Opened 2 years ago

Last modified 2 years ago

#4066 new defect

IntervalTimer interval vs due - now

Reported by: fdupont Owned by:
Priority: low Milestone: Outstanding Tasks
Component: Unclassified Version: git
Keywords: Cc:
CVSS Scoring: Parent Tickets:
Sensitive: no Defect Severity: N/A
Sub-Project: DHCP Feature Depending on Ticket:
Estimated Difficulty: 0 Add Hours to Ticket: 0
Total Hours: 0 Internal?: no

Description

IntervalTimer? provides only the interval, i.e., the delay between setup and callback call, when some code (perhaps soon obsoleted) need the delay to the callback call (i.e., due - now).

Subtickets

Change History (7)

comment:1 Changed 2 years ago by fdupont

The canonical example is receive[46] in DHCPv[46] servers.

comment:2 follow-up: Changed 2 years ago by tmark

There are currently two modes, ONESHOT and REPEATING. You seem to be talking about when a timer is in REPEATING mode. I believe that this functions as designed. The intent is for the timer expire at fixed intervals, not intervals relative to what happens after the timer expires. In other words, once started, and unless modified it should always expire at intervals that are X amount time apart. The next expiry is determined at the point that IntervalTimerImpl::update() is invoked, not upon returning to io_service::run().

Are you proposing a third timer mode of some sort? Please elaborate.


comment:3 in reply to: ↑ 2 Changed 2 years ago by fdupont

Replying to tmark:

There are currently two modes, ONESHOT and REPEATING. You seem to be talking about when a timer is in REPEATING mode.

=> no, I talk about all timers.

I believe that this functions as designed. The intent is for the timer expire at fixed intervals, not intervals relative to what happens fter the timer expires. In other words, once started, and unless modified it should always expire at intervals that are X amount time apart. The next expiry is determined at the point that IntervalTimerImpl::update() is invoked, not upon returning to io_service::run().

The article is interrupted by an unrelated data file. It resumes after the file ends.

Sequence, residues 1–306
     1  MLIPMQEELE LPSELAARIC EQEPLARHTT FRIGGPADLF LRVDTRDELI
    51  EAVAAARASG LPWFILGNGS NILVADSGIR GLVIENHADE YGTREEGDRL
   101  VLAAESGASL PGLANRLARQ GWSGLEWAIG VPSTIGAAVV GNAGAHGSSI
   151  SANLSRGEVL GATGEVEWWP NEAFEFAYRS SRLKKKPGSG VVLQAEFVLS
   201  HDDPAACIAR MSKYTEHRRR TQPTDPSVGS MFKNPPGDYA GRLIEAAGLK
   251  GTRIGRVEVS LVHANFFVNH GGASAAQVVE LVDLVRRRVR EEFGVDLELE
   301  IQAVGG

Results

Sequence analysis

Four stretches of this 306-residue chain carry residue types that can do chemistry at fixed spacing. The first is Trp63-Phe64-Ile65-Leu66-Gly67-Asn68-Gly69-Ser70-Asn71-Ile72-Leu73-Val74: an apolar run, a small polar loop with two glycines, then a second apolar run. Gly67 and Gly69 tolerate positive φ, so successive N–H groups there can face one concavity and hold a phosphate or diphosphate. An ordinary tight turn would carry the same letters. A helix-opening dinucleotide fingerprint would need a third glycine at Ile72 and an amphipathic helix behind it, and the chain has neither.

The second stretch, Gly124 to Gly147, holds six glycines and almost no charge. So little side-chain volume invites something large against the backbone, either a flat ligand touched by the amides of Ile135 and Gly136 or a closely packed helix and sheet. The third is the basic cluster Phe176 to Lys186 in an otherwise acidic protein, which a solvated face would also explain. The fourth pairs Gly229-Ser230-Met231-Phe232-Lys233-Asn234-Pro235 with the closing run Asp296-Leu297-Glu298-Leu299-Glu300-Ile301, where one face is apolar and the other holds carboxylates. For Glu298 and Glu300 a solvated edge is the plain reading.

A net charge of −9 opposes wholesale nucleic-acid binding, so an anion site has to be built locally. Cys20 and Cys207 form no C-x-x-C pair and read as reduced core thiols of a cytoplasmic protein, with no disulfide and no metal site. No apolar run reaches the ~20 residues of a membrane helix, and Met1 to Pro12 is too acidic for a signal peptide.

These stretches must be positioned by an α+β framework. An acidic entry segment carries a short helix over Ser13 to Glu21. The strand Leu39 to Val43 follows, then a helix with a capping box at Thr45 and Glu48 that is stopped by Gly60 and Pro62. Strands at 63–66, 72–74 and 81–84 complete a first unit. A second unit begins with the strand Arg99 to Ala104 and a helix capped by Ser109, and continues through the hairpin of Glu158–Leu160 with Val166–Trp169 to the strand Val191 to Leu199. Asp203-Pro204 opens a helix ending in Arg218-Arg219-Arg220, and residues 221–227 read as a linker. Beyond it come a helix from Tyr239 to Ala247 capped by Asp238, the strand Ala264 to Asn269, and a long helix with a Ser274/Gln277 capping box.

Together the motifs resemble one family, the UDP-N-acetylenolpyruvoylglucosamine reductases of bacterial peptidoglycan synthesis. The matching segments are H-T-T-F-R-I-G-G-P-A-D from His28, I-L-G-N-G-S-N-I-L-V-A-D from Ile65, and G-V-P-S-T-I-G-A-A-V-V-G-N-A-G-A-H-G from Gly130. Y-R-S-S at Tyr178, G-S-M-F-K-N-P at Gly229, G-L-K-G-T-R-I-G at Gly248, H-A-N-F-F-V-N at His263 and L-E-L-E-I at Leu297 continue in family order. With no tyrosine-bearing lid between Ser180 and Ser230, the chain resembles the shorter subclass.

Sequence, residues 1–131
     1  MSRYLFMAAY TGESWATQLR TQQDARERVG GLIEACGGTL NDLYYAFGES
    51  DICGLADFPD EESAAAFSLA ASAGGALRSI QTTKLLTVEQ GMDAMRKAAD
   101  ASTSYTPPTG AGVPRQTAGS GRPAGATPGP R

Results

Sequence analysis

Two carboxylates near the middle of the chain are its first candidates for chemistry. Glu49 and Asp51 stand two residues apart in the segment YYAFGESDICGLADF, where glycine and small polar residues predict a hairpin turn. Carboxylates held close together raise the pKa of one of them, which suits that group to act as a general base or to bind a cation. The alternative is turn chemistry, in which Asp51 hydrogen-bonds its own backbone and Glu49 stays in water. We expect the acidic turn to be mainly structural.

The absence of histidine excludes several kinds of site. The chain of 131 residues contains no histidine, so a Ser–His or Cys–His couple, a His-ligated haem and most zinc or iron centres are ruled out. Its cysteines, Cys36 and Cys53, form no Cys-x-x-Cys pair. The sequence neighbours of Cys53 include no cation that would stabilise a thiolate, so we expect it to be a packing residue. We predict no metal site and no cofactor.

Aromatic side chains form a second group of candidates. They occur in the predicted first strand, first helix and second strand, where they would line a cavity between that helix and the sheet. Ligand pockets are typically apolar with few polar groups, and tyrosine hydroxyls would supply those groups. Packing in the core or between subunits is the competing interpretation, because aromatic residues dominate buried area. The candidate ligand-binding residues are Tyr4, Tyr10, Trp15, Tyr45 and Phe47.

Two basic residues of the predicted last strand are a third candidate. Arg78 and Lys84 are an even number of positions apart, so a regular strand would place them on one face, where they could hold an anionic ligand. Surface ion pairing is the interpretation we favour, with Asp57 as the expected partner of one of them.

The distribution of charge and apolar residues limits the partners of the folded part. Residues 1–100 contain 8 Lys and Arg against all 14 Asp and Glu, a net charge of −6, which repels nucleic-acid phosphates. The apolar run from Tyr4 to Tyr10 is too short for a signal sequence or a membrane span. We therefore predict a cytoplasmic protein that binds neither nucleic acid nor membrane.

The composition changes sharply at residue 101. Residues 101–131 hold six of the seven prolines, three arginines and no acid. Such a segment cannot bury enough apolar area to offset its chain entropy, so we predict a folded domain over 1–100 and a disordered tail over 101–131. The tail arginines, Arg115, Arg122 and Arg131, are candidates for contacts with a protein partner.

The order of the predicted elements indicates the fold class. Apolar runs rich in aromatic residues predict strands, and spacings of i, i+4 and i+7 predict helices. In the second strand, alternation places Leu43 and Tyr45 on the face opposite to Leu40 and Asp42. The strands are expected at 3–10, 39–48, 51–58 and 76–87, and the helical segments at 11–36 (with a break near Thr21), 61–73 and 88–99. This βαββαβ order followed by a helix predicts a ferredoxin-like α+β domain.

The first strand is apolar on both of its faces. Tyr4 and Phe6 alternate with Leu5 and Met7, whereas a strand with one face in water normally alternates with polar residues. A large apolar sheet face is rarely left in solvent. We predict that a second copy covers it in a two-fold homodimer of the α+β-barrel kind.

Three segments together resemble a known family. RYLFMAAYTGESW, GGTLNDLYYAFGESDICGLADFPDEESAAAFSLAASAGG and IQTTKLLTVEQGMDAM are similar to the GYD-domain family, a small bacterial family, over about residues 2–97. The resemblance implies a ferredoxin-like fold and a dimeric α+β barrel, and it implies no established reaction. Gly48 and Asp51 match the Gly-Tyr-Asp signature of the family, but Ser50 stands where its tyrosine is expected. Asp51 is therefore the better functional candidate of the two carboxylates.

=> my concern is about the code which don't use io_service::run().

Are you proposing a third timer mode of some sort? Please elaborate.

=> if you have a timer for in 1 hour, getInterval() will return 1 hour now, 1 hour in 30 minutes, 1 hour in 59 minutes. So if you use this 1 hour value to wait for some events and nothing happens you will be late. The issue is what you want is remaining delay, not the interval.

comment:4 follow-up: Changed 2 years ago by tmark

So you are simply proposing to expose the expiry time via a getter method to return the value? If so that's fine but 1.0 is full, this would likely end up in the outstanding queue.

comment:5 in reply to: ↑ 4 Changed 2 years ago by fdupont

Replying to tmark:

So you are simply proposing to expose the expiry time via a getter method to return the value?

=> yes (in fact it should be the relative expiry time but the difference doesn't matter).

If so that's fine but 1.0 is full, this would likely end up in the outstanding queue.

=> anyway as the bug should appear only when there is no traffic so when it can't lead to bad effects the ticket could never get a more than low priority...

comment:6 Changed 2 years ago by hschempf

  • Milestone changed from Kea-proposed to DHCP Outstanding Tasks

per team meeting on 23 sept, move to outstanding

comment:7 Changed 2 years ago by tomek

  • Milestone changed from DHCP Outstanding Tasks to Outstanding Tasks

Milestone renamed

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